Joining the four extra USB ports on the back panel are one FireWire socket, two PS2 ports for keyboard and mouse, a Fast Ethernet port, an S/PDIF digital audio socket, and six sockets for analog audio line in/out and 7.1 surround sound. All the ports and sockets are clearly labelled and colour coded so even a complete novice shouldn’t have a problem putting one of these together.
Graphics come courtesy of a low profile add-in card that has one DVI output and an analog S-Video out socket. The DVI port isn’t dual-link so it won’t support ultra high resolution displays like the 30in HP LP3065 but if you are going to spend nearly £1,000 on a monitor you should probably be planning to spend more than £475 on a computer.
The graphics card ticks enough feature boxes to enable playing most current games (though it doesn’t have DirectX 10 support) but you’ll have to drop to very low resolutions in order to do this. Quickly firing up Call of Duty 2, the GeForce 7300 LE was only able to keep up when I turned the resolution down to 640 x 480, with no anti-aliasing, and with all the in-game settings to medium or low. Also, the fan on the graphics card is a tiny thing that spins very fast and creates a distinctly audible hum. I cannot see the logic behind the decision to use such a poor cooler, there are plenty of decent coolers out there and it really does mar an otherwise unobtrusive PC.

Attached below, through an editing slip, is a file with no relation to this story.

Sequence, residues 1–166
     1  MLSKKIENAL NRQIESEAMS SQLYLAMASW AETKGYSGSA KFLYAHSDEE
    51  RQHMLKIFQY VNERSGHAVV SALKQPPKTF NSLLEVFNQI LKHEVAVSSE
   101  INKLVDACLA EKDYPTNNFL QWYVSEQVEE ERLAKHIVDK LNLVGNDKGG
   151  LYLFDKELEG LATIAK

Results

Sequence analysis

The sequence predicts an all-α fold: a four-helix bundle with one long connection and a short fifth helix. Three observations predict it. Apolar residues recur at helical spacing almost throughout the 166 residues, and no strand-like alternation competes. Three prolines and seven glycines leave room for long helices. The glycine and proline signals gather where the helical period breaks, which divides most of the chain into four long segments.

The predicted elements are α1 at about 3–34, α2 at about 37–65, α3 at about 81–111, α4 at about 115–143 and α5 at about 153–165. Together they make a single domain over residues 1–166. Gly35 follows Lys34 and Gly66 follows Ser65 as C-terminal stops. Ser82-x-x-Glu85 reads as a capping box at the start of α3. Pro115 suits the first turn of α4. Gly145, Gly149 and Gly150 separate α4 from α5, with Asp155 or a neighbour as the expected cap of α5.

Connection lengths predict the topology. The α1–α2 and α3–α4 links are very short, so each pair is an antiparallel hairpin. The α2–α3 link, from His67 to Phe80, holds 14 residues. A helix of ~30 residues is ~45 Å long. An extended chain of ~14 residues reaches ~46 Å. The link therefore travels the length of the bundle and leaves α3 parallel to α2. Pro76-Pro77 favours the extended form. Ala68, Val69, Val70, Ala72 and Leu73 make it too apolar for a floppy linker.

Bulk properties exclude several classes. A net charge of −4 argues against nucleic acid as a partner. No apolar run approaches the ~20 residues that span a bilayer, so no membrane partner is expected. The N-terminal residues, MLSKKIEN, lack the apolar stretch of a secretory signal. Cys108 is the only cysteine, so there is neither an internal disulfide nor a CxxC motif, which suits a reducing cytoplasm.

So the S3000 isn’t a gaming powerhouse, but it was never meant to be. Putting it through its paces with our usual set of 2D productivity tests, it proves more than capable and under general use it feels fast and responsive. PCMark 05 returned a reasonable overall score of 3563 though the graphics score is understandably low. The key thing is the combination of a dual-core CPU with a decent quota of 2GB RAM that ensures you should never grind to a halt.
Due to the cramped case and use of small low capacity fans the system does run quite hot but so long as you don’t block the air intakes and exhausts you shouldn’t have any problems.